Wednesday, November 21, 2007

The road not taken: ink & chocolate

Perhaps I should have known in Grade 5 that medicine was not my destiny. That was the year my teacher, Mrs. Paul, taught us cursive handwriting and my devotion to perfect penmanship was born. My penmanship is, in general, neat and organized (excluding when I have to scribble quickly, of course), a reflection of my obsessive-compulsive personality traits. If only I had a dollar for every time somebody said, "You can't be a doctor...your handwriting is too neat.".

Several years after Grade 5, I received a calligraphy set as a gift and taught myself rudimentary Italic and Gothic scripts, which led to a mild obsession with graphic design and typography (does anyone remember Letraset transfer fonts?). Soon, something I will loosely term "academic pressure" distracted me from any artistic pursuits and I followed the road more traveled. Two and a half years after leaving ophthalmology, I am now just beginning to retrace my steps towards a life which was once filled with burgeoning creativity and expression, through pastry and calligraphy. In fact, I hoped that taking calligraphy classes would improve my chocolate writing skills.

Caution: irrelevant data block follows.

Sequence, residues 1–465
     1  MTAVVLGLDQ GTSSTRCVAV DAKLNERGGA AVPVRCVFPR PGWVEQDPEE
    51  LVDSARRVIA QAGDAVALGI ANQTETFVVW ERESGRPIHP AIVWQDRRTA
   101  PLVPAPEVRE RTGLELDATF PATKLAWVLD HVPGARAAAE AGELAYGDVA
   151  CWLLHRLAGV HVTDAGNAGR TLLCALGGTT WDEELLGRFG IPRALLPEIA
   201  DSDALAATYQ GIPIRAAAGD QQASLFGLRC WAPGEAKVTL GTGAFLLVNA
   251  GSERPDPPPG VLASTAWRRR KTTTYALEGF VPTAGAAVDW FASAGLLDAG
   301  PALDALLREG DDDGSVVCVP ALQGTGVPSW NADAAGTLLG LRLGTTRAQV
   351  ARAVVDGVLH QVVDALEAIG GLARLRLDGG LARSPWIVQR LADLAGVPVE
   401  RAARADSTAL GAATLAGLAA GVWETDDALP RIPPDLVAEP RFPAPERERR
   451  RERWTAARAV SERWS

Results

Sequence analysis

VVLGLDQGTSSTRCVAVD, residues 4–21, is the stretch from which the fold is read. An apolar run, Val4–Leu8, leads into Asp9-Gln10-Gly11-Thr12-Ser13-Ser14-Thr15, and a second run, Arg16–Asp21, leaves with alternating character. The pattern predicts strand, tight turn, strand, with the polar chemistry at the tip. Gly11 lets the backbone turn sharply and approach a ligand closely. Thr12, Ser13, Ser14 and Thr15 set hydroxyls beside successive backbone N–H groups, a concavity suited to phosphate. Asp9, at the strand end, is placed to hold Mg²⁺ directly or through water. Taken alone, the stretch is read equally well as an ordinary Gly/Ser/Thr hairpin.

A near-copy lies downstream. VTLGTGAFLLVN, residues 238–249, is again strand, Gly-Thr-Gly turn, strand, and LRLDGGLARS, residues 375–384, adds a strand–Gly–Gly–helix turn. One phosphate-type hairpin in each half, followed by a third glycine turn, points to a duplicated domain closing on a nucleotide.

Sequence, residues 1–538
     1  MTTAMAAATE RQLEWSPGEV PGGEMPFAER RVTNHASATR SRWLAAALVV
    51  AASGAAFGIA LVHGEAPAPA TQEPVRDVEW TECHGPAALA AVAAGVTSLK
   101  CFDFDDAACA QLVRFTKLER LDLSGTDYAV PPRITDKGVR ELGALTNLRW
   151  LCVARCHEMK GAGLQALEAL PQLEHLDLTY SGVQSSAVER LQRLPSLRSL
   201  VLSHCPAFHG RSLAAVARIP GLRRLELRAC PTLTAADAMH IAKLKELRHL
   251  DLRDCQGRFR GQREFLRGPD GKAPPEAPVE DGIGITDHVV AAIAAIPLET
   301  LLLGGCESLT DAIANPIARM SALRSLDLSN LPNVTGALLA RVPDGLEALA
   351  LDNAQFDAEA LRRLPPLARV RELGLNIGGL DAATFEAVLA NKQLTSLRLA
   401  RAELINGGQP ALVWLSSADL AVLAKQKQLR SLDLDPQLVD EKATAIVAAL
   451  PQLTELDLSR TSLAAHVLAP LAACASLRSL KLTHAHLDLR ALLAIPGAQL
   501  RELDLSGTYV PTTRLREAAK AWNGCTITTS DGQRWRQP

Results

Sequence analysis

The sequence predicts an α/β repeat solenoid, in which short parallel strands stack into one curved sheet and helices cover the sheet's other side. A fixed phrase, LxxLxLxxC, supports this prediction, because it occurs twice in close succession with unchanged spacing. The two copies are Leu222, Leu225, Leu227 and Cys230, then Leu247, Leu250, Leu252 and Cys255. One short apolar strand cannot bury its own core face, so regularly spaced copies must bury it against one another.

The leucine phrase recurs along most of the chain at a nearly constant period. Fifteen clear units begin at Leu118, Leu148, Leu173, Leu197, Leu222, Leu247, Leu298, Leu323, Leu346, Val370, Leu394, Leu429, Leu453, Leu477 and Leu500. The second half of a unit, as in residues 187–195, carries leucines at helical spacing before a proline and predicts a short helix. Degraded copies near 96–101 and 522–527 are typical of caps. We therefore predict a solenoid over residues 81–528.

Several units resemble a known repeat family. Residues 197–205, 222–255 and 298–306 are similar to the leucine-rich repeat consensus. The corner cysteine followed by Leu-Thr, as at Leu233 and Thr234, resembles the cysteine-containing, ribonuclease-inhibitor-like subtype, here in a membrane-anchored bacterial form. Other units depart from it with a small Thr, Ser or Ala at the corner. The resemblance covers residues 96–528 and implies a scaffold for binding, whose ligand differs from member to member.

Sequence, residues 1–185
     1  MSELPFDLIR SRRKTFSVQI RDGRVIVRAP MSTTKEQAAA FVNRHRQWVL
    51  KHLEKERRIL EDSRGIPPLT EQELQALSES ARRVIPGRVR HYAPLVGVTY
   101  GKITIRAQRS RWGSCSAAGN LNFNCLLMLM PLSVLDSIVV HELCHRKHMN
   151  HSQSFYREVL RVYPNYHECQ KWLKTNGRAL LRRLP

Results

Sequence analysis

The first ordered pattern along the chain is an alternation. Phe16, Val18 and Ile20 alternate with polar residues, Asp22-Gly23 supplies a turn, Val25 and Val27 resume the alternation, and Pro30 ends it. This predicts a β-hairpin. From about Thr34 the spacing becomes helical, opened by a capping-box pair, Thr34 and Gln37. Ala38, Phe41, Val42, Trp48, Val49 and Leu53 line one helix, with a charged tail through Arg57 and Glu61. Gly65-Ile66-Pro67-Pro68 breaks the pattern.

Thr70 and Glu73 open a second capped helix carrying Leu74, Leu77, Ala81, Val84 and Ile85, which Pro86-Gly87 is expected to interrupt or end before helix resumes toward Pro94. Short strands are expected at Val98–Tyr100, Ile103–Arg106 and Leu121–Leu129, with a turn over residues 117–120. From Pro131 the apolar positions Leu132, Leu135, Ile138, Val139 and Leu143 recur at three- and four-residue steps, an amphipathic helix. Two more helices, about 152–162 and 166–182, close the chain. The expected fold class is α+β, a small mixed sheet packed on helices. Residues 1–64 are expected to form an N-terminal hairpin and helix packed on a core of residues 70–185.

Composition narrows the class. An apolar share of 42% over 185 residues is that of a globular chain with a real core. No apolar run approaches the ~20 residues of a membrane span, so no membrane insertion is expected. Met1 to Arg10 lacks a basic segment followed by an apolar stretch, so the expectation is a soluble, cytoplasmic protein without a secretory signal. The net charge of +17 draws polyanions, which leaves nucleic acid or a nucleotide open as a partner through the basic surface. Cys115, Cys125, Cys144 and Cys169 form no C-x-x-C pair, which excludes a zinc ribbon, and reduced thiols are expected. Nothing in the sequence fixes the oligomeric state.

This weekend, I participated in a pointed pen calligraphy workshop with the Westcoast Calligraphy Society, taught by Gwen Weaver. Pointed pen techniques require delicate control over the pressure which is put on the pointy nib in order to achieve contrast between thick and thin lines. I am addicted.

Unfortunately, what I learned about pointed pen calligraphy does not translate to chocolate writing! Achieving the thick and thins with ink is mostly a function of the nib used and pressure applied. Chocolate writing, on the other hand, can only vary in thick and thinness depending on how fast or slow you write and to a certain extent, how hard you squeeze your paper cone. Shaping the tip of your paper cone to resemble a broad edge versus a fine tip can also allow some stylistic variation. Regardless, I need hours of more practice before perfecting either ink or chocolate calligraphy but at least with chocolate, all the mistakes are edible!

1 comment:

Manggy said...

I think it looks perfectly fine, Charmaine :) Although I'm not keen on the "f" letterform-- too easiy confused with a capital "P" for me.